FanDominion points us to two bits of interest regarding Battlestar Galactica developer Ronald D. Moore.
First, Moore has signed on for another two years to do BG. That’s good news in my book since it’s been Moore’s vision that has made the most watchable sf series on TV today. As part of the deal, NBC/SciFi Channel will produce other Moore projects.
Which brings us to the second item of interest: one of the new Moore projects is a time travel show called The Pen and the Sword which involves “a temp worker who discovers a portal at his job that allows him to travel back and forth between a medieval alternate reality and this reality.” Not sure about this one. I like time travel stories but I’m not sure if it could work as a weekly series. Anyone remember Irwin Allen’s Time Tunnel? Then again, I had doubts about the BG remake…I mean “re-imagining”…so we’ll see. If anyone can pull it off, it’s Moore.
Here are the results of the latest SF Signal poll.
Which of the following Larry Niven novels would you most like to see adapted for the big screen?
Thanks to John L. at Texas Best Grok for the poll idea.
REVIEW SUMMARY: A fine collection of stories, especially if you like alternate history stories.
BRIEF SYNOPSIS: Sixteen stories by David Gerrold, many dealing with alternate histories.
PROS: 14 stories ranging from good to excellent; enjoyable and accessible writing style.
CONS: 2 mediocre stories.
BOTTOM LINE: A collection of entertaining stories.
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LabLit, a website whose tagline is “the culture of science in fiction and fact”, is “dedicated to real laboratory culture and to the portrayal and perceptions of that culture – science, scientists and labs – in fiction, the media and across popular culture.” They examine how science is portrayed in the media. Interesting article abound like Math on Film (ala Numb3rs), Child’s Play (books for the budding young scientist, nicely grouped by age range) and more. If you like science fiction for the science, check out what real scientists think!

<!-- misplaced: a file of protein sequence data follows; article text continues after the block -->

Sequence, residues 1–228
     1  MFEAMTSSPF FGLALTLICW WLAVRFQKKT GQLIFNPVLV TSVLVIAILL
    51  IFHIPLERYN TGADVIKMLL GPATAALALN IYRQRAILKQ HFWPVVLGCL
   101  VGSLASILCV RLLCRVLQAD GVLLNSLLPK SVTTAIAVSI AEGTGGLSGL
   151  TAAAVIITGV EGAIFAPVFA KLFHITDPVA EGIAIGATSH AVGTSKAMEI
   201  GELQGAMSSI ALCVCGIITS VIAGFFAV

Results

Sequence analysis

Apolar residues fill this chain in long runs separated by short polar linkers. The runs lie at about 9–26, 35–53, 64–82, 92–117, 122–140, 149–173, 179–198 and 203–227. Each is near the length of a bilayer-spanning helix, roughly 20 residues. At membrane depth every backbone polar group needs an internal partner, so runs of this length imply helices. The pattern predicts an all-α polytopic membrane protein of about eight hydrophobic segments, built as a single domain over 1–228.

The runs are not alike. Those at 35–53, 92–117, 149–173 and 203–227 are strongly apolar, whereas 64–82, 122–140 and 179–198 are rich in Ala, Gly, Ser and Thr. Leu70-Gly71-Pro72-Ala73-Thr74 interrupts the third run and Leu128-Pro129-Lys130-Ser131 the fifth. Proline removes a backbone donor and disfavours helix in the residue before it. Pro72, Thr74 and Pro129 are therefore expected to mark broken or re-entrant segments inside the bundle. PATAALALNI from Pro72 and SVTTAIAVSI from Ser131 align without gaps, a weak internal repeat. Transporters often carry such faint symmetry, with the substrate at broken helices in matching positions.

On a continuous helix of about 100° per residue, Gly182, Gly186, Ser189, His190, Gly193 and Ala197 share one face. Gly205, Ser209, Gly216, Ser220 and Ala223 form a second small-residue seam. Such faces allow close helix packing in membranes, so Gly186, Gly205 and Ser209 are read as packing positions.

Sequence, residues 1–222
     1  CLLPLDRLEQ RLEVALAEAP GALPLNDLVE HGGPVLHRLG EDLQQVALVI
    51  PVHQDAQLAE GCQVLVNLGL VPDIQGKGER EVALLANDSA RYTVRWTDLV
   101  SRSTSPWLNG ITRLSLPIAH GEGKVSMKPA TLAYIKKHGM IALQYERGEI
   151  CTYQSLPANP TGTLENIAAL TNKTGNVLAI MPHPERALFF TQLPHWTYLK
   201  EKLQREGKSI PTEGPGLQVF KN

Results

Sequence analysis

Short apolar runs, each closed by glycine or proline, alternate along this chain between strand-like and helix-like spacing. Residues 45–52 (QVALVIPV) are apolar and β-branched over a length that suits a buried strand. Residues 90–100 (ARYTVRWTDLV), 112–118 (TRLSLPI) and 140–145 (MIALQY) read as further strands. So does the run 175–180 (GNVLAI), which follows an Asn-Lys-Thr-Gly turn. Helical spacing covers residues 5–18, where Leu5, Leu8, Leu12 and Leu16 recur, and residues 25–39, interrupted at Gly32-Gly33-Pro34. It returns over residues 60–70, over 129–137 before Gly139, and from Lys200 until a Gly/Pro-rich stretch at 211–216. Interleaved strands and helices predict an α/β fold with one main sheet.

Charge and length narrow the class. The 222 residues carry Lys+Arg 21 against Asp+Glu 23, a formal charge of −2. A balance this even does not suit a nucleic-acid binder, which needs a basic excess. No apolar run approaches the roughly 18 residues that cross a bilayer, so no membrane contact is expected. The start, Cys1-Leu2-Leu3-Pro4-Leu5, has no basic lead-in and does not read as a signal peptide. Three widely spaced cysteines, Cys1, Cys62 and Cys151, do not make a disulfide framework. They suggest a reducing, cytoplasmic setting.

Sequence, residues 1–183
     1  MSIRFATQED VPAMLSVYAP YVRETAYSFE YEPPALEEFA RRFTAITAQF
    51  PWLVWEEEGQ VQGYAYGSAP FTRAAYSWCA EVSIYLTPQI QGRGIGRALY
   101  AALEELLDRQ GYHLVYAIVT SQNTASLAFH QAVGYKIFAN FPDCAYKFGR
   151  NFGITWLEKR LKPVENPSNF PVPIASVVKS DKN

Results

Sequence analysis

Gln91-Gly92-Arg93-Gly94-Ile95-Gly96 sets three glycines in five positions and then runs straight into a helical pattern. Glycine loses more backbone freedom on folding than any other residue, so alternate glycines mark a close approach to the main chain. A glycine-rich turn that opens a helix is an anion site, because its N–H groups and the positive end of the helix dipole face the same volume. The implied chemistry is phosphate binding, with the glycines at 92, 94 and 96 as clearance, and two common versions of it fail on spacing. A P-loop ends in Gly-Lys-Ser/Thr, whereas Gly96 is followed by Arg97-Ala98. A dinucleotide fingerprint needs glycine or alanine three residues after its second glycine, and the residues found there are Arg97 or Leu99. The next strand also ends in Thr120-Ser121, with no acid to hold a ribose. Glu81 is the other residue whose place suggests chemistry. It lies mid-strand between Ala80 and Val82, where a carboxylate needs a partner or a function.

Will you see films if Captain Kirk gives it two thumbs up?
William Shatner is starting his own DVD-of-the-month Club that features sci-fi movies. Sure, the movies are almost-unheard-of, but still it’s a, shall we say..enterprising…project? [Insert Austin Powers-like giggle here].
I have to say, I have grown to think highly of Shatman over the years. What started as a running punching bag joke has become a twisted form of respect. It’s not so much the success of Boston Legal (which I don’t watch anyway), or the hit-and-miss humor of Invasion Iowa, or the fact that I actually like Has Been (particularly his “Common People” duet with Joe Jackson.), or his humorous appearance on the Emmy Awards show, or his psycho TV Guide cover, or the kidney stone thing…
OK, maybe it was a combination of all these. (Except the kidney stone thing. That was just creepy.) It’s hard not to like a guy who schools you at making fun of the Shat, even if it is Shatner himself.
It seems that the UK release of Serenity will have more bonus features than the US release. Although released a scant 2 months later, the UK version of the DVD will feature A Filmmaker’s Journey, a 20-minute documentary on the making of the film.
I do and do and do for Joss and this is the thanks I get.
[Sent in by Fred at EternalGoldenBraid]
There are a couple of science fiction related contests going on right now
- SciFi Dimensions is giving away a King Kong cap and poster. Just sign up for their mailing list. (Winner selected December 31st)
- DVD Talk is giving away a Certified Original Alliance Trooper Helmet from the Serenity movie. (Ends December 27th)
The cool RetroFuture website answers the question (from their FAQ) “what happened to all that futuristic stuff which was supposed to change our lives by the year 2000?”
Marvel at the wonders of Yesteryear’s Tommorow! Things like: the 2-Way Wrist Radio, Smell-o-Vision, perpetual sunlight, rocketmail and, of course, flying cars.